Hiring Indicators, OSS, and the Value of GitHub

As someone who writes about tech hiring and who has also encouraged many to participate in open source and establish a GitHub presence, a recent article caught my eye. Why GitHub is Not Your CV ¹ by James Coglan was partly inspired by another article, The Ethics of Unpaid Labor and the OSS Community by Ashe Dryden. Both articles are well-written and if you evaluate programmers for hire please read them.

Dryden’s tl;dr for me was meritocracy in OSS, an explanation regarding the lack of diversity, and ways to hire that are ‘less biased‘ than relying on OSS contribution or public code availability. Coglan references her piece and adds his own thoughts around similar topics, but his readers might disregard the value a GitHub presence provides. Neither article tried to discourage a presence, but the Coglan piece dismissed the value quite a bit.

After reading his article, a related tweet from Coglan also got my attention:

recruitertweet copy

Isn’t the entire hiring process a form of short cut?

Why GH profiles and not interviews? We want to know how candidates will perform over n months, yet don’t have n months to assess someone working in our environment before providing a paycheck.  An impasse. Recruiters and hiring managers look for indicators of talent based on experience with previous hires. The existence of GitHub code for many recruiters serves as a useful indicator, and forks and followers might be considered a stronger indicator (crowdsourced data). Just like everyone who makes it past the interview won’t be a good hire, there will be false positives.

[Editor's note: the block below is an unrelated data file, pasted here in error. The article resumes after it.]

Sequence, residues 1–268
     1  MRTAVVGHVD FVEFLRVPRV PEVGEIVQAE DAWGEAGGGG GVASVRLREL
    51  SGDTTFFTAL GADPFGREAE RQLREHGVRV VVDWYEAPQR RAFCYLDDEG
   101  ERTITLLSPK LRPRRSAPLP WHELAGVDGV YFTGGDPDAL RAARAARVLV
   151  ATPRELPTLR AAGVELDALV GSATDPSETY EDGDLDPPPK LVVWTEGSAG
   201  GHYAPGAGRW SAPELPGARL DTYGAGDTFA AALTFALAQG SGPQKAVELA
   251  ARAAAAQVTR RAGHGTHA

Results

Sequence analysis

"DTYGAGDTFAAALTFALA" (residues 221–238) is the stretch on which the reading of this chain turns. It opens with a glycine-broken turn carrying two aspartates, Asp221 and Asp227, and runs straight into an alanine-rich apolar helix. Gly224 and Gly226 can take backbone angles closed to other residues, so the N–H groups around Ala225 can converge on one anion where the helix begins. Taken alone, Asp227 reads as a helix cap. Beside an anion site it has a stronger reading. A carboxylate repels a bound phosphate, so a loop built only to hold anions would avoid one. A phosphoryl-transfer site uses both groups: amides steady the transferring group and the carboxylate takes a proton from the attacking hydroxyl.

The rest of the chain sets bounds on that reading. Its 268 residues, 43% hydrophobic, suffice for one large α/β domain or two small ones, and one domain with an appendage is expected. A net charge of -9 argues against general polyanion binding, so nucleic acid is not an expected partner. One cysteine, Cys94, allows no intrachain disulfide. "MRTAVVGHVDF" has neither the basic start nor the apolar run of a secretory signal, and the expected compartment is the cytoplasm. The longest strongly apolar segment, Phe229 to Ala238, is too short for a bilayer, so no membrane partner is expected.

Coglan wrote “using open-source software contributions in general, and GitHub profiles in particular, as a hiring filter is bad for our industry” (emphasis mine).  I appreciate his arguments against OSS contribution as a filter and see the danger there. But why GitHub accounts in particular?  Coglan has a few thoughts, including his assertion that GitHub profiles “simply don’t tell you what you think they tell you.”

Rejecting applicants solely because they lack OSS contribution or GitHub would be doing the industry as a whole a disservice, as both authors and most of the industry would probably agree. Not every good programmer has a GitHub account or participates in OSS. If either of the two articles simply stated that alone, there wouldn’t be any talk. However, hiring is not done based solely on GitHub, and Coglan’s article could lead to a couple false assumptions.